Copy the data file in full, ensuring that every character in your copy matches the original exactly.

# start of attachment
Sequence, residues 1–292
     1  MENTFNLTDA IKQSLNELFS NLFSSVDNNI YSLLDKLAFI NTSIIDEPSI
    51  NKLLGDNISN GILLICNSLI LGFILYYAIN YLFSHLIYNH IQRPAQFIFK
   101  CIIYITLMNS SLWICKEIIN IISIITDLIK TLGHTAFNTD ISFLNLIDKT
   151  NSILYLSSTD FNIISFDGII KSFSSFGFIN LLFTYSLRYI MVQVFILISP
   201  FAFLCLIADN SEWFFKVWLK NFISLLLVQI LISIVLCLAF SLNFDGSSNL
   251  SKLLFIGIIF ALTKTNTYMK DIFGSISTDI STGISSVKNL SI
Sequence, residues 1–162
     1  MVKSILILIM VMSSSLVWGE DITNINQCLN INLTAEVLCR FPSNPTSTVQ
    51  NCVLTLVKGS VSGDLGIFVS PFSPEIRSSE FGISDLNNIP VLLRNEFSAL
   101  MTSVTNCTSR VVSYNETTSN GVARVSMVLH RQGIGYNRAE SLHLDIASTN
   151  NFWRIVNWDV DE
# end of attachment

Sequence, residues 1–292
     1  MENTFNLTDA IKQSLNELFS NLFSSVDNNI YSLLDKLAFI NTSIIDEPSI
    51  NKLLGDNISN GILLICNSLI LGFILYYAIN YLFSHLIYNH IQRPAQFIFK
   101  CIIYITLMNS SLWICKEIIN IISIITDLIK TLGHTAFNTD ISFLNLIDKT
   151  NSILYLSSTD FNIISFDGII KSFSSFGFIN LLFTYSLRYI MVQVFILISP
   201  FAFLCLIADN SEWFFKVWLK NFISLLLVQI LISIVLCLAF SLNFDGSSNL
   251  SKLLFIGIIF ALTKTNTYMK DIFGSISTDI STGISSVKNL SI
Sequence, residues 1–162
     1  MVKSILILIM VMSSSLVWGE DITNINQCLN INLTAEVLCR FPSNPTSTVQ
    51  NCVLTLVKGS VSGDLGIFVS PFSPEIRSSE FGISDLNNIP VLLRNEFSAL
   101  MTSVTNCTSR VVSYNETTSN GVARVSMVLH RQGIGYNRAE SLHLDIASTN
   151  NFWRIVNWDV DE